In the aftermath of the financial crisis, central banks around the world adopted an easy-money regime to prop up growth. China’s central bank, the People’s Bank of China (PBoC), was no exception. Not only did bank credit growth explode in a very short period, other avenues of credit creation also multiplied quickly. China’s overall stock of credit to gross domestic product (GDP) has crossed 200%.
That naturally raised concerns over the health of the banking sector. Surprisingly, the level of non-performing loans has remained low, at 1.1% of GDP last year, although it is widely believed that this figure does not reflect the true extent of bad debts because of restructuring.
Risks are heightened by the fact that not all this credit creation happened through formal bank loans. Off-balance-sheet credit by banks increased, as did lending by other institutions such as trust companies and non-banking fi-nancial companies. Termed shadow banking, these constitute around 35% of China’s economic output.
Many of these trust and non-banking companies are not fully regulated and lack safety nets. China’s own policies have fuelled the rise of such shadow banking. It capped the interest on bank deposits but allowed wealth man-agement schemes run by banks to offer higher rates than deposits, tying their returns to loans created against products. These schemes became mostly off-balance-sheet items for banks.
Much of this shadow banking credit has flown into riskier sectors such as local government infrastructure and real estate. Banks themselves were discouraged from lending to such sectors.
That said, there is some buffer in case it all falls down. According to available data, the quantum of outstanding shadow banking credit is estimated to be around 23 trillion yuan. This is roughly equivalent to the amount of re-serves held by the PBoC in the form of deposits from banks.
Still, many advanced economies have much larger shadow banking sectors. A 2014 report from the Financial Stabil-ity Board puts the size of the shadow banking sector in the Netherlands at 760% of GDP, the UK at 348%, Switzer-land at 261% and the US at around 150%. China’s global share of the shadow banking sector, though, has grown relatively fast from 1% in 2007 to 4% in 2013.
The real concern, is the lack of clarity over the true size of shadow banking in China; this is typically likely to be un-derestimated.
Owing to the explosion in lending, China’s overall debt-to-GDP ratio (note that this also includes debt owed by fi-nancial institutions) ballooned to 282% in 2014. Although this is largely comparable to other major economies, what stands out is the high amount of debt owed by the non-financial corporate sector. That is a natural corollary of the state-promoted stimulus package of 2008-09, which encouraged public sector firms to borrow and invest. This has also led to concerns over the worsening balance sheets of these companies.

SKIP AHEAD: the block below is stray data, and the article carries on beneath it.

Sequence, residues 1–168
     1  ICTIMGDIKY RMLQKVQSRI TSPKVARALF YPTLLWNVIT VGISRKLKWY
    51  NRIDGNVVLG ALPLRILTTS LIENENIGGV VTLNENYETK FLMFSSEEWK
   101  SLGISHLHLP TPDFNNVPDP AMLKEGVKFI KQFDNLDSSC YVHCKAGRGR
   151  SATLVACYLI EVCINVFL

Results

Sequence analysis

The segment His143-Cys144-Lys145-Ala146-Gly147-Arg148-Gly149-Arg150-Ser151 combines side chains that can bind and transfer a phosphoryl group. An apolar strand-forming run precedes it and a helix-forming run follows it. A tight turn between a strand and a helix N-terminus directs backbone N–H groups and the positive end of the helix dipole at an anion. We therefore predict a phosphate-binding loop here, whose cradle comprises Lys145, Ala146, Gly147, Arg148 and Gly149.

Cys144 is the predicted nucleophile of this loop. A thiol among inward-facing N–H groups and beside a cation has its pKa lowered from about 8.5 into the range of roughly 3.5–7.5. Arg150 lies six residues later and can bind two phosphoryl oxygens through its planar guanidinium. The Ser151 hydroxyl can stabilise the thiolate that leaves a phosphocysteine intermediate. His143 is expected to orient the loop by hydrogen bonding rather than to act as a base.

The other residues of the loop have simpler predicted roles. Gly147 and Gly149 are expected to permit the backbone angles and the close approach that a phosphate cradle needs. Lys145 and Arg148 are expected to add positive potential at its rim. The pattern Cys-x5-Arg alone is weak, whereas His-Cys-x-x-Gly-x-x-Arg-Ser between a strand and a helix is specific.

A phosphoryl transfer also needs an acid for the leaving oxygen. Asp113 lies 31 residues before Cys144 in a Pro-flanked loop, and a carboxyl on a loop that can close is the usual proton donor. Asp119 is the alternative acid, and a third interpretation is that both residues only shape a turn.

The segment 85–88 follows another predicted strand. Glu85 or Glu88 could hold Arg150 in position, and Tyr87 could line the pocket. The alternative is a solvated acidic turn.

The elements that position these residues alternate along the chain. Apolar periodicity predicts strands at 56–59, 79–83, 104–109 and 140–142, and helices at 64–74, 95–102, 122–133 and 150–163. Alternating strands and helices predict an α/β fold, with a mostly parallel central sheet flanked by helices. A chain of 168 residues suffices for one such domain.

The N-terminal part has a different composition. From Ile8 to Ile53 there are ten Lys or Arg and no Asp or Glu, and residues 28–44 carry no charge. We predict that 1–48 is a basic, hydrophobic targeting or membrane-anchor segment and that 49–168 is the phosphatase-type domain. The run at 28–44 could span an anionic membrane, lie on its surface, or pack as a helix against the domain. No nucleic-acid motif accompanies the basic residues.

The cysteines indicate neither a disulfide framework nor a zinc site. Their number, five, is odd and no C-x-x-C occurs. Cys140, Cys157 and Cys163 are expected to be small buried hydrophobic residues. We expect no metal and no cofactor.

While China’s government debt at 55% of GDP doesn’t raise too many eyebrows, the real concern is the fiscal health of local governments, which have poured money into real estate and infrastructure projects. The decline in home prices since 2013 has eroded the value of such assets. More worryingly, a 2014 national audit report pointed out that local governments often resorted to selling land to pay off maturing debts, evidently an unhealthy and unsustainable practice.
With local government debt burden at 17.9 trillion yuan (around 30% of GDP), the central government has imposed caps on additional debt and extended swap facilities which can help reduce interest costs.
While the PBoC (and other regulators) increased scrutiny of lending practices, it also has to face up to the challenge of slowing economic growth. This forced the central bank to relax reserve requirements and cut interest rates five times since November last year.
The dilemma also means monetary and regulatory policies often appear inconsistent.
For instance, in the face of a credit bubble, the government has now proposed removing the ceiling on the lend-ing-to-deposit ratio, currently at 75%.
The PBoC is reportedly providing funds to various state lenders (termed policy banks), which in turn use the mon-ey to finance government-backed schemes. This is liable to create another round of debt-fuelled investment spending, though the authorities seem to be aiming to direct the flow of credit to only specific sectors, especially high-tech manufacturing.
Another example is the housing sector, where the bulk of the local government debt has gone. In March 2013, the government increased restrictions on the property sector to tackle concerns of rising house prices and a potential bubble. Measures included an increase in required down payment, an increase in mortgage rates on second home purchases, capital gains tax on profit made in the property market and some property tax. Many of these have been reversed or eased, which might again induce speculative activity, especially after recent interest-rate cuts.
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